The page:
Just one year ago, the world of work looked vastly different: The country was experiencing record-low unemployment, HR leaders were focused on retaining employees in a tight labor market and industry forecasters were plotting what the future of work would look like.
Then, the pandemic came–skyrocketing unemployment and prompting widespread economic uncertainty.
“But bigger than all of that is the transformation of companies, the transformation of jobs,” industry analyst Josh Bersin said during his Tuesday keynote address at HR Tech. Bersin noted that, just in the last few months, 40% of workers have changed jobs or roles, and a full 90% of companies have now instated a work-at-home policy.
“That’s not novel,” Bersin said, “but it’s harder to do than you would think.”
Here’s how Bersin thinks next year will shake out across the HR tech market:
Core HCM systems are stretched thin, with massive demand and investment in HR tech at an all-time high. “The question is, can core HR tech providers continue to provide the level of innovation and flexibility they need to address the pandemic? The answer is no,” Bersin said. Traditional core providers have no choice but to shift into ecosystem structures–partnering with other providers to allow their solutions to integrate and address the myriad needs HR is looking for in its tech platforms.
Talent management tools are changing because philosophies of management are changing, Bersin noted. Managers are increasingly expected to operate as “chief empathy officers”–demonstrating patience, understanding, active listening.
“Companies that understand the need for belonging, inclusion, diversity, a growth mindset and constant support and collaboration are the ones that are going to thrive through this pandemic,” he said.
As such, the talent management space is among the most competitive corners of the market. New tools are tapping analytics and many are focused on training to drive fairness, diversity and inclusion, while other solutions are designed to help employers gauge and listen to the voices of their workers.
When it comes to the all-important employee engagement, HR tools are shifting from intelligent dashboard models to continuous response-action platforms–generating tons of data and analyzing it in near-real-time. Importantly, this approach also funnels analytics to the people who need the information and can act on it quickly, Bersin said.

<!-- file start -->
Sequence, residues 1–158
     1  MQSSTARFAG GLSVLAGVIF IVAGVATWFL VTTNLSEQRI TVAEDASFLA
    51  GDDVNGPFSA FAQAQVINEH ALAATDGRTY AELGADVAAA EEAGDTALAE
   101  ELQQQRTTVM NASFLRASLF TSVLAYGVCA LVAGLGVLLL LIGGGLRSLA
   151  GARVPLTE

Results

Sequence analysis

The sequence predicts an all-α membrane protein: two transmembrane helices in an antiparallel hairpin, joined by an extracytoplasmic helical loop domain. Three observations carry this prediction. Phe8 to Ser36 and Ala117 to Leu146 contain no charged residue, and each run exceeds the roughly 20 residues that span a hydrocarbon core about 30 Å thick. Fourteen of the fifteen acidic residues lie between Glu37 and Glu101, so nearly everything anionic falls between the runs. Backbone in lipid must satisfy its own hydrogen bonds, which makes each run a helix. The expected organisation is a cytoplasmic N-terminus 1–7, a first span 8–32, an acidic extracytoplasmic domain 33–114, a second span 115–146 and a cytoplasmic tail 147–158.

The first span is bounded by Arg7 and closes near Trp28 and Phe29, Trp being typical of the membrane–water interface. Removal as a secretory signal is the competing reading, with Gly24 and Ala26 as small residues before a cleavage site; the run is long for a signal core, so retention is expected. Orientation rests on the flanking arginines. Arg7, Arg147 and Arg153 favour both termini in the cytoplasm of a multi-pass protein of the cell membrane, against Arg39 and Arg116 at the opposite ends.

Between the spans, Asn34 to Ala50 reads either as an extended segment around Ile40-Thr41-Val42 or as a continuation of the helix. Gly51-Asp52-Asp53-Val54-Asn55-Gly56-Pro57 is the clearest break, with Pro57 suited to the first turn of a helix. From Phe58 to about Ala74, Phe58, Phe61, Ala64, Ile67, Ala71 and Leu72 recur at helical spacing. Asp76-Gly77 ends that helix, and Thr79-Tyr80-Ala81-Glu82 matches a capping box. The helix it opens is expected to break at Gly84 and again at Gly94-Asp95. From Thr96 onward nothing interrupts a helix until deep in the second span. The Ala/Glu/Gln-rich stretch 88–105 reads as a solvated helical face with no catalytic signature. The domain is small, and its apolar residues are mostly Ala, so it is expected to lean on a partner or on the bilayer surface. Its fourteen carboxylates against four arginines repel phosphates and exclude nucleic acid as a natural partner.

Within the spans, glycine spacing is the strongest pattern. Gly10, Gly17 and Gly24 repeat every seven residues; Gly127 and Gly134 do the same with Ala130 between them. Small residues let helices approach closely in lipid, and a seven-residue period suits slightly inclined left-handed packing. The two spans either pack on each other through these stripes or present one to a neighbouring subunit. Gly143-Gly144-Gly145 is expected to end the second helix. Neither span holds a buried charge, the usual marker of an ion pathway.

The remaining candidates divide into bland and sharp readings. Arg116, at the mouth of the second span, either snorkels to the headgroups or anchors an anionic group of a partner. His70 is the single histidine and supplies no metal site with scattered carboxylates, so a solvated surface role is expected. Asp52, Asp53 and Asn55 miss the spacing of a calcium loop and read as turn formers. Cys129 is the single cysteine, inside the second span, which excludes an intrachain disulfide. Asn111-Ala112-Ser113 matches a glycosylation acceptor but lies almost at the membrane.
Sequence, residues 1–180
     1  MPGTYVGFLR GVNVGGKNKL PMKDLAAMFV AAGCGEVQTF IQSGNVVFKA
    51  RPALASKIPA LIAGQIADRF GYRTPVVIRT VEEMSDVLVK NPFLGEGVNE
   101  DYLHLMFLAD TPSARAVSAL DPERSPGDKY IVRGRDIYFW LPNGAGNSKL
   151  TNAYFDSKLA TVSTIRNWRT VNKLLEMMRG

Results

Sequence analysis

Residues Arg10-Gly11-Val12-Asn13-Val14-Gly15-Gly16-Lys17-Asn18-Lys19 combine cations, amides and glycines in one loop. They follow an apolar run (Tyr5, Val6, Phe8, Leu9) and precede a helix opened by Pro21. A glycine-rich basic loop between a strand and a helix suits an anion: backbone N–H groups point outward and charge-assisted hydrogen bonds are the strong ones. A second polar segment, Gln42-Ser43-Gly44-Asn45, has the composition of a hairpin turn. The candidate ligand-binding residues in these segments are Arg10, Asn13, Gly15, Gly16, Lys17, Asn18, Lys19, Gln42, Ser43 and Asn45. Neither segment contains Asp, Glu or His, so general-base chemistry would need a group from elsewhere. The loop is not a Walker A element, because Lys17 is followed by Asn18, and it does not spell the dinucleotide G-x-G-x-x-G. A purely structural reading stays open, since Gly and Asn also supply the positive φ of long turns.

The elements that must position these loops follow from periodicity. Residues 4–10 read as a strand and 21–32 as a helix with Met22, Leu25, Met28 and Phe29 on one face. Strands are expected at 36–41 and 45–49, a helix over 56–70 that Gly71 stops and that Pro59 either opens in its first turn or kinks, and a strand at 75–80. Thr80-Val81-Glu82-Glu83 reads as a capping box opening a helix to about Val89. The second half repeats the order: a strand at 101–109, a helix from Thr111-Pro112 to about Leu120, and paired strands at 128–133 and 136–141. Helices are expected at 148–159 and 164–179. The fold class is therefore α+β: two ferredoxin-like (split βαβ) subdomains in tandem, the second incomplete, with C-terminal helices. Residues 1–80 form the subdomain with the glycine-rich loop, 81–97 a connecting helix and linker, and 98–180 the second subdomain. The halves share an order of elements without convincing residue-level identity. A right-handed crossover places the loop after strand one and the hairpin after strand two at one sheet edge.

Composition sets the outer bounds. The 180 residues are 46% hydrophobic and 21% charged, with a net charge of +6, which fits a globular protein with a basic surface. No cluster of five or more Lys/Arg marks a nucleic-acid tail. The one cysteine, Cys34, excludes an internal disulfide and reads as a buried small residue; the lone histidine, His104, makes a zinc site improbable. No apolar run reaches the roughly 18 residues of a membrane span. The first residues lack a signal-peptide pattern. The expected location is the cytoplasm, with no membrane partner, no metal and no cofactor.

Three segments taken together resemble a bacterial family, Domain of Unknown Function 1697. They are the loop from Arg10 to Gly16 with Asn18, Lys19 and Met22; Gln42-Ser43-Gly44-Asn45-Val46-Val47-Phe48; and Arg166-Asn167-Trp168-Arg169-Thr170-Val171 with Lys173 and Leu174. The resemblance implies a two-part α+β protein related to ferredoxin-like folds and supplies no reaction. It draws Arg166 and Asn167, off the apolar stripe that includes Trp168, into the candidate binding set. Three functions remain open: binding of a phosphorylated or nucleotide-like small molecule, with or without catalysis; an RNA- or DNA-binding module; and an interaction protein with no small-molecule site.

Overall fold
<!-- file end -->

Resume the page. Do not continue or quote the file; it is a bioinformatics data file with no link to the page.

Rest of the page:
“This is exactly the direction (that) the customer experience market moved in,” he added.
Learning & Development
Learning is becoming more like TikTok and less like YouTube–small bits of as-needed, entertainment-driven information, Bersin said. Much of the learning tools to come will focus on helping employees build their collaboration and business capabilities, as well as behavioral skills, which are especially in demand by younger workers. There is room for growth in both macro- and microlearning setups, and virtual reality is on the verge of exploding, Bersin predicted.
With the average large company utilizing a dozen tools for learning, he envisions a shift toward “capability academies.” This model considers learning as a performance problem in the company, so academies can be dedicated to issues like safety, marketing, sales–with learning programs for each.
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And, as the pandemic continues to unfold through 2021, technology will play an increasingly important role in addressing the fallout for workers.
“The big theme,” he said, “is figuring out how to reduce stress, anxiety, financial concerns, uncertainty and concerns about productivity when people are working under very, very ambiguous conditions.”
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